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Biological compatibility between two temperate lineages of brown dog ticks, Rhipicephalus sanguineus (sensu lato)
Parasites & Vectorsvolume 11, Article number: 398 (2018)
The brown dog tick Rhipicephalus sanguineus (sensu stricto) is reputed to be the most widespread tick of domestic dogs worldwide and has also been implicated in the transmission of many pathogens to dogs and humans. For more than two centuries, Rh. sanguineus (s.s.) was regarded as a single taxon, even considering its poor original description and the inexistence of a type specimen. However, genetic and crossbreeding experiments have indicated the existence of at least two distinct taxa within this name: the so-called “temperate” and “tropical” lineages of Rh. sanguineus (sensu lato). Recent genetic studies have also demonstrated the existence of additional lineages of Rh. sanguineus (s.l.) in Europe and Asia. Herein, we assessed the biological compatibility between two lineages of Rh. sanguineus (s.l.) found in southern Europe, namely Rhipicephalus sp. I (from Italy) and Rhipicephalus sp. II (from Portugal).
Ticks morphologically identified as Rh. sanguineus (s.l.) were collected in southern Portugal and southern Italy. Tick colonies were established and crossbreeding experiments conducted. Morphological, biological and genetic analyses were conducted.
Crossbreeding experiments confirmed that ticks from the two studied lineages were able to mate and generate fertile hybrids. Hybrid adult ticks always presented the same genotype of the mother, confirming maternal inheritance of mtDNA. However, larvae and nymphs originated from Rhipicephalus sp. I females presented mtDNA genotype of either Rhipicephalus sp. I or Rhipicephalus sp. II, suggesting the occurrence of paternal inheritance or mitochondrial heteroplasmy. While biologically compatible, these lineages are distinct genetically and phenotypically.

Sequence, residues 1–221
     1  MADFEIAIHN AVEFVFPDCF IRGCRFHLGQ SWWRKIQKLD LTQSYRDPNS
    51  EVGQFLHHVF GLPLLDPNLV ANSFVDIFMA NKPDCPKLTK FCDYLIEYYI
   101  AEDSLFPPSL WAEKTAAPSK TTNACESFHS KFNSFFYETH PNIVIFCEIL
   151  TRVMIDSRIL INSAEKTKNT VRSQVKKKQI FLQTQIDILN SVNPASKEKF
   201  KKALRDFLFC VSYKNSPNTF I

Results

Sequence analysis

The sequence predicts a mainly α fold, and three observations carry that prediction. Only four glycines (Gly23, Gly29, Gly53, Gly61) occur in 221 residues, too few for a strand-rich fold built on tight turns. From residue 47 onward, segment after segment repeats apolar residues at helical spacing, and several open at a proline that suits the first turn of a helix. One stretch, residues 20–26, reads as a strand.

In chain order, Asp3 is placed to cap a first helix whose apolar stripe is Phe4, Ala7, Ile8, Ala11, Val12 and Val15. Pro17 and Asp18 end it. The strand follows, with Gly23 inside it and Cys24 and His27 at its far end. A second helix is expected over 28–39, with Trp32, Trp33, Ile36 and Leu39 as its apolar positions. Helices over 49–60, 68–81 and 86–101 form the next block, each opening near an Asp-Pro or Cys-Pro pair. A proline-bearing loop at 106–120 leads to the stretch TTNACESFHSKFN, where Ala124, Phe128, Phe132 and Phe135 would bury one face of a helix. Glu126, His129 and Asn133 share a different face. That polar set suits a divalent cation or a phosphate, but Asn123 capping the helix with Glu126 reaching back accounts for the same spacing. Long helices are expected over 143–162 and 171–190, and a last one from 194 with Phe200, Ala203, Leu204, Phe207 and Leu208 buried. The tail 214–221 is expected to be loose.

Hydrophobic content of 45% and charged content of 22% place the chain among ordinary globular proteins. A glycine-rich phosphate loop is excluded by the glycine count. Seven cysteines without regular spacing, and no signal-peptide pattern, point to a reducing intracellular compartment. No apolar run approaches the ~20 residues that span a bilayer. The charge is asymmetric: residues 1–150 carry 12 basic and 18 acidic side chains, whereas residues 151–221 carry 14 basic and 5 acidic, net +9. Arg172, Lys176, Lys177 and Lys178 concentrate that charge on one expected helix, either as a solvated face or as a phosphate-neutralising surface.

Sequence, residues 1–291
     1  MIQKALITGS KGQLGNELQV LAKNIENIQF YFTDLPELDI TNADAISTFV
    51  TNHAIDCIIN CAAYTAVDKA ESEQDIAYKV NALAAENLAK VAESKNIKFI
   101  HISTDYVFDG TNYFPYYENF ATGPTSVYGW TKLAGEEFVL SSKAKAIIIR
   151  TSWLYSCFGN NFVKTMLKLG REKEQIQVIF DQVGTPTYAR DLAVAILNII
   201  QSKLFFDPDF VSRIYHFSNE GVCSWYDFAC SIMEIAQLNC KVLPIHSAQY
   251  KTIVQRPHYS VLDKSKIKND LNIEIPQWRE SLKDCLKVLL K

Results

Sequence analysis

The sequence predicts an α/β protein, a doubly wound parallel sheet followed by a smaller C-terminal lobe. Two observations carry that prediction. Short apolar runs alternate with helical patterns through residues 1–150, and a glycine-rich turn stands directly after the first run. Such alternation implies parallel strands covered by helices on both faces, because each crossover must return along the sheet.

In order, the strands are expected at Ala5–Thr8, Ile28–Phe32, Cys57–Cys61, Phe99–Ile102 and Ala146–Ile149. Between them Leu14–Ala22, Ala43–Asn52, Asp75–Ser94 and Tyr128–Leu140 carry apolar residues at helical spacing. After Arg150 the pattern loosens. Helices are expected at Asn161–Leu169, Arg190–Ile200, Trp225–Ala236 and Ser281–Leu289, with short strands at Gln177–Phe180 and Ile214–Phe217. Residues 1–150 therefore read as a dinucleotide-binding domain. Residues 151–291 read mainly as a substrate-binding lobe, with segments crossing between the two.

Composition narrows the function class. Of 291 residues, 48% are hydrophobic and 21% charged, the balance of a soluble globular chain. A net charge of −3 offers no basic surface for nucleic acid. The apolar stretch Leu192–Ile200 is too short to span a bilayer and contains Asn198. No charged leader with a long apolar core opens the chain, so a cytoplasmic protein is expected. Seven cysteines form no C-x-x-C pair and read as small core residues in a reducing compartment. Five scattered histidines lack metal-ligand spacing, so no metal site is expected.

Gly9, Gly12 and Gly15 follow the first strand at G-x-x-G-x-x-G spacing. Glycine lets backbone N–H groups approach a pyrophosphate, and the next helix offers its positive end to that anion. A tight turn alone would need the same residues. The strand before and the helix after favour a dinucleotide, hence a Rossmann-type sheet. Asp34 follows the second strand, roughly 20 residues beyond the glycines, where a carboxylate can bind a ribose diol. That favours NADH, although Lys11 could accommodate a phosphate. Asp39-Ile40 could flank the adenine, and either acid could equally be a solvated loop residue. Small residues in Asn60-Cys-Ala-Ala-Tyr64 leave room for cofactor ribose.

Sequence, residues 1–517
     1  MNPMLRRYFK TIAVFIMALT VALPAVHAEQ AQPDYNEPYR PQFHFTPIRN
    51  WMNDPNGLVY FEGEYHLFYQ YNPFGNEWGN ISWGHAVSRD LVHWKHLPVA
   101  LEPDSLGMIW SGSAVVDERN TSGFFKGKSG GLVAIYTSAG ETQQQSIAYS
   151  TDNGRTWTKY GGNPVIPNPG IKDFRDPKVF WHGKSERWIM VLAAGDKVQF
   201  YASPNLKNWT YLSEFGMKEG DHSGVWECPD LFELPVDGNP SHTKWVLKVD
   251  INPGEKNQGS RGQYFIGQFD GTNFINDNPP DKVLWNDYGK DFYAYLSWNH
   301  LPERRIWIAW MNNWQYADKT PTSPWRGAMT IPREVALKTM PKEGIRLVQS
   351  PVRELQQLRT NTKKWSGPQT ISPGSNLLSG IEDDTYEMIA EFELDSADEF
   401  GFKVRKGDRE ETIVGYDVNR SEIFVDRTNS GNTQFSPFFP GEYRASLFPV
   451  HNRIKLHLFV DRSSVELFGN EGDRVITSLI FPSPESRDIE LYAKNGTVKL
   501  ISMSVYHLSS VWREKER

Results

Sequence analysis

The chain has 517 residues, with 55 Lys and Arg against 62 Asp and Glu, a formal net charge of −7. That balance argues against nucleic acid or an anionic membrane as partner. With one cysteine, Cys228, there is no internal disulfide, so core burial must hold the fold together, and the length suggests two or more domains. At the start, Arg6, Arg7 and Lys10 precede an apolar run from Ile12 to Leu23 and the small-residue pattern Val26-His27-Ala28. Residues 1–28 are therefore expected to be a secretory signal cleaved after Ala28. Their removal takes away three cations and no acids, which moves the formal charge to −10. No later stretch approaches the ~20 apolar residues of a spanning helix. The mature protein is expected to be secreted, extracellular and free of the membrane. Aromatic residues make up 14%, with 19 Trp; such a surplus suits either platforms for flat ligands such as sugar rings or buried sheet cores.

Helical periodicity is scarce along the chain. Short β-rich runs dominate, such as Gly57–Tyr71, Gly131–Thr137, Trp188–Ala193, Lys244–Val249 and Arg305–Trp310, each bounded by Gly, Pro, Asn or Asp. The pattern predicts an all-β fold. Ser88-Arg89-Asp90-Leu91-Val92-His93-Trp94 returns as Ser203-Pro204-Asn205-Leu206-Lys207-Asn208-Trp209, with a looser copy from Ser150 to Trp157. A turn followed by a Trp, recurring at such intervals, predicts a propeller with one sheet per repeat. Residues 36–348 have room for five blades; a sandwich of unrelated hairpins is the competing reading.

The temperate lineages of Rh. sanguineus (s.l.) studied herein are biologically compatible and genetic data obtained from both pure and hybrid lines indicate the occurrence of paternal inheritance or mitochondrial heteroplasmy. This study opens new research avenues and raises question regarding the usefulness of genetic data and crossbreeding experiments as criteria for the definition of cryptic species in ticks.
Ticks are external parasites of great medical and veterinary significance, causing incalculable losses to the livestock industry and a great burden on companion animals and human populations around the world [1, 2]. Climate changes, deforestation, biodiversity loss, animal and human population movements, changes in land-use, political and economic crises, among other factors, have induced changes in the distribution and epidemiological pattern of tick-borne diseases in various parts of the world .
Taxonomy and systematics of ticks have traditionally been based on morphological features. In the last three decades, the widespread use of genetic data and phylogenetic analysis has revolutionized both taxonomy and systematics of the Ixodida , but generated many questions as well about the specific identity of certain taxa [5, 6]. A classic example is what happened with the Rhipicephalus sanguineus group, which is an assembly of 17 morphologically similar tick species, including Rh. sanguineus (sensu stricto) [5, 6]. For over 200 years, Rh. sanguineus (s.s.) was believed to be a single taxon, even considering its poor original description and the inexistence of a type-specimen [5, 6]. However, it has been proposed that, until a neotype of Rh. sanguineus (s.s.) is designated, ticks assigned to this taxon should be referred to as Rh. sanguineus (sensu lato) [5, 6]. Indeed, genetic and crossbreeding experiments have indicated the existence of at least two distinct taxa within this name: the “temperate” and “tropical” lineages of Rh. sanguineus (s.l.) [7,8,9,10,11,12,13,14,15,16,17,18]. Additional genetic lineages have been identified in Europe and Asia, such as the lineage originally designated as “Rhipicephalus sp. I”, which is present in some temperate countries, such as Italy and Greece . The presence of this lineage has also recently been confirmed in eastern European countries (e.g. Romania and Serbia) and in the Middle East (e.g. Israel) . The existence of different lineages or cryptic species within Rh. sanguineus (s.l.) has implications, not only from a taxonomic perspective but also from a medico-veterinary standpoint. Indeed, ticks currently identified as Rh. sanguineus (s.l.) are vectors of various bacteria (e.g. Rickettsia rickettsii, R. conorii and Ehrlichia canis), protozoans (e.g. Babesia vogeli and Hepatozoon canis) causing diseases in dogs and/or humans [1, 5]. For instance, evidence indicates that the vector competence of the temperate and tropical lineages of Rh. sanguineus (s.l.) for E. canis may vary .